Why I Switched From Botox To Dysport To Treat My Fine Lines
Consider this my love letter to air-brushed skin.
As a beauty editor, there’s not much I wouldn’t try when it comes to smoothing fine lines and wrinkles. I’ve been obsessed with my anti-aging skincare regimen since my late twenties, and I started getting Botox® in my forehead and around my eyes as another preventative measure by the time I was 30. Every 12 weeks, I would sit in my dermatologist’s chair in New York City and smile as I faced one of my biggest fears – needles. As the years went on, I noticed my Botox® wasn’t lasting as long, and, as someone who is Type A, I began going in every eight to 10 weeks. That’s when the switch from Botox® to Dysport® was recommended.
What’s the Difference Between Botox & Dysport?
The truth is, at a chemical level, there isn’t much of a difference between Botox® and Dysport®. The active ingredient in both neurotoxins is botulinum toxin type A, which means they work in the same way. “All type A botulinum toxins have the same mechanism of action: blocking the release of acetylcholine and preventing the muscles from contracting to maintain the aesthetic effect,” explains Dennis Gross, MD, a board certified dermatologist and founder of his eponymous skincare line.
Botox®, or onabotulinumtoxinA, was first approved by the United States Food and Drug Administration (FDA) to temporarily improve the appearance of frown lines between the eyebrows in April 2002. It has since received more aesthetic approvals, in addition to its therapeutic uses. Dysport® (a.k.a. abobotulinumtoxinA), meanwhile, was first approved to treat glabellar lines in April 2009. Other cosmetic neurotoxins on the market include Xeomin® and, the newest to the scene, Jeuveau®.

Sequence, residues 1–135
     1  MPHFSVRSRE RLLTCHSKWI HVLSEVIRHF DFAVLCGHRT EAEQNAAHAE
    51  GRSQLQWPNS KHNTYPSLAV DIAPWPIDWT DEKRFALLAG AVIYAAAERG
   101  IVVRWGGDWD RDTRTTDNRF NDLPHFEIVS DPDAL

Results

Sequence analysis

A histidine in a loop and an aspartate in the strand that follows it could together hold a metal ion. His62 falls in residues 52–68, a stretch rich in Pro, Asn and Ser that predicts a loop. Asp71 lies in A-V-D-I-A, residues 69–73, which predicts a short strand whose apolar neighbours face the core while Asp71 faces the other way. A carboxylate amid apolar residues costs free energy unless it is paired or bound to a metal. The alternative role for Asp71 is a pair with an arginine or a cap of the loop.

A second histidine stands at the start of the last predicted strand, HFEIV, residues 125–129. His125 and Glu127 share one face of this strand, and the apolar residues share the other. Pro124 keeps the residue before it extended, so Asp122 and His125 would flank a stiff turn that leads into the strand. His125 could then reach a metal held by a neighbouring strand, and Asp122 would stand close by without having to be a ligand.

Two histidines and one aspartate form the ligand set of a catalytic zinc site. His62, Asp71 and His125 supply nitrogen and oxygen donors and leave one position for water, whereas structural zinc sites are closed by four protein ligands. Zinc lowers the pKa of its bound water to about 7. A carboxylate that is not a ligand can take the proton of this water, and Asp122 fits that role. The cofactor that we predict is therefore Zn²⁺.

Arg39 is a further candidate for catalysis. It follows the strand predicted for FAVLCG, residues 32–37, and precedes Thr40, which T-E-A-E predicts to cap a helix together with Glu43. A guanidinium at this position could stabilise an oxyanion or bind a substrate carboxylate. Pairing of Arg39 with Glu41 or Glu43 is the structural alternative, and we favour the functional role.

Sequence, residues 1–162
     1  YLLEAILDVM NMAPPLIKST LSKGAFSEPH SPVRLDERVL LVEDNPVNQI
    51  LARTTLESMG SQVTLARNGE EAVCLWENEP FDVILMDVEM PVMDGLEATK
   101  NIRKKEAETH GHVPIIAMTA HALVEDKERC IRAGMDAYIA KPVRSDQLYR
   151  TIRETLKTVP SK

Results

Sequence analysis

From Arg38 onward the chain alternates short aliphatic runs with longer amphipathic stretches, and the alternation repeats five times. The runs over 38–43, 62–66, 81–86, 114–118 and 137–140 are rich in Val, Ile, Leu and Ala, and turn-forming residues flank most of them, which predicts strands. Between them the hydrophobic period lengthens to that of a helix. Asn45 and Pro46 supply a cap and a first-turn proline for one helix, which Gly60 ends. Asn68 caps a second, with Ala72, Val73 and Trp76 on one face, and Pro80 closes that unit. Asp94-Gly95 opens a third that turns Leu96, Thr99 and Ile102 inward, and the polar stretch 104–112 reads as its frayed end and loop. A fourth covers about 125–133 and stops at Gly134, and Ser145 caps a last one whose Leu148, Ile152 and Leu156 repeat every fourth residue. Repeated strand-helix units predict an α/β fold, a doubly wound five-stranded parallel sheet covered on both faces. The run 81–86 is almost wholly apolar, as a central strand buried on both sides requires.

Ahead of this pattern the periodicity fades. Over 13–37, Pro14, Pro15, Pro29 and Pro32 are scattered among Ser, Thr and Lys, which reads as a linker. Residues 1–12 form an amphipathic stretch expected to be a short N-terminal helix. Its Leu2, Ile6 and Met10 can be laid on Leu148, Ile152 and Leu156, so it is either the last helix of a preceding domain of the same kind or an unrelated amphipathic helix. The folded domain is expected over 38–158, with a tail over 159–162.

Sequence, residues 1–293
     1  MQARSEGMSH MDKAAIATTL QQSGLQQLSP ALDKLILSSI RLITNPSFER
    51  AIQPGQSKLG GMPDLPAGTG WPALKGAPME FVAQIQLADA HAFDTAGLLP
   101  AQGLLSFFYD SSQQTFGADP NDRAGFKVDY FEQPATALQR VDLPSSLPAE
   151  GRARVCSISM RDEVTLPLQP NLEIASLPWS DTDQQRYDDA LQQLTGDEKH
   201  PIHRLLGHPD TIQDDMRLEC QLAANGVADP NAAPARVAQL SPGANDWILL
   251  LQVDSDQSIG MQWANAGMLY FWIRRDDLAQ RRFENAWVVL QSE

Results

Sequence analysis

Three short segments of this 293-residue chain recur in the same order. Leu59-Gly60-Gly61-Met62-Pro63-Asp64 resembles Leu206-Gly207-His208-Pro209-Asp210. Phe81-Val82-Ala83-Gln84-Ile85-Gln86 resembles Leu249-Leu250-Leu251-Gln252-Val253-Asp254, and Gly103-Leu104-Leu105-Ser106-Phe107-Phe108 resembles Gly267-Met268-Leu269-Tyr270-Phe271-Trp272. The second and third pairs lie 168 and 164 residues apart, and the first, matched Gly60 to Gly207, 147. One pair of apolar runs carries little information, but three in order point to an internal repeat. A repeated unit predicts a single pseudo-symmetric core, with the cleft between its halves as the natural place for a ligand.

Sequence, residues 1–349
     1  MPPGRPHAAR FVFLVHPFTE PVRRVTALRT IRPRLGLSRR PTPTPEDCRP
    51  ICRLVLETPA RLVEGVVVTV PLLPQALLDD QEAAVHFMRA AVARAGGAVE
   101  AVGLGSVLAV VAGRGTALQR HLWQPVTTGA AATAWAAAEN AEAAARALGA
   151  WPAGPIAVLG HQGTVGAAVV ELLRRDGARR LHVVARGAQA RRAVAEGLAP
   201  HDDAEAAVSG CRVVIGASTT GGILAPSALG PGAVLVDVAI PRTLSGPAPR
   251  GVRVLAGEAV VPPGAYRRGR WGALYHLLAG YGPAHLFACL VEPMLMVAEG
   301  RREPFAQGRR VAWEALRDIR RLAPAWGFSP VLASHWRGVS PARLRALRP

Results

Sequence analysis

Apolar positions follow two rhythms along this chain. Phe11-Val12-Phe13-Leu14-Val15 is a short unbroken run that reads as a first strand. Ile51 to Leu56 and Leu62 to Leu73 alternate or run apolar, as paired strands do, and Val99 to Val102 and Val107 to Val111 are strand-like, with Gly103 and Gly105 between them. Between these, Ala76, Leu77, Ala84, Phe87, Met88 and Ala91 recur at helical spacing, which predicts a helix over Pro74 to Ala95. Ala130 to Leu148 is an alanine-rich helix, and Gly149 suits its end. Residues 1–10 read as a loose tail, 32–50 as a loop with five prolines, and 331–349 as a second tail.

While the active ingredient in each product is BoNT-A, they also feature unique protein blends that can affect the diffusion and wear of the injection. “The amount of core active neurotoxin in each on-label dose is different,” Dr. Gross says. “Dysport® has shown to include more core active neurotoxin compared to other neurotoxins.”
Another point of difference? The appearance they each give is very different to my editorial eye. When treating my forehead lines, I find Botox® to give a more localized freezing, whereas Dysport® spreads evenly throughout for a more air-brushed effect. “I love the results that Dysport® gives since the results are natural-looking — fresh but not frozen,” Dr. Gross notes.
How Long Does Dysport Last?
For me, Dysport® lasts about 12 weeks just like Botox® used to. For some, it can last up to five months (yes, I’m extremely jealous of those people). For others, it may be less. “The time length varies from patient to patient depending on genetics – some people break down neurotoxins at quicker rates than others,” Dr. Gross shares.
But that’s not all. How you take care of your skin in between appointments matters, too. He recommends using a consistent skincare regimen that includes active ingredients like vitamin C, retinol, hydroxy acids (alpha and beta), and niacinamide to stimulate collagen production and prolong the life of your treatment.
The best part…
If ever there was a ‘lunchtime procedure,’ neurotoxin injections are it. Dysport® is a quick 10- to 20-minute non-surgical treatment with little to no downtime (you may experience localized swelling, redness, or tenderness at the injection site for about 24 hours). And, unlike some of its competitors that take five to seven days to kick in, Dysport® results start to show in just 48 to 72 hours. Living in a world of instant gratification, I love the quick turnaround.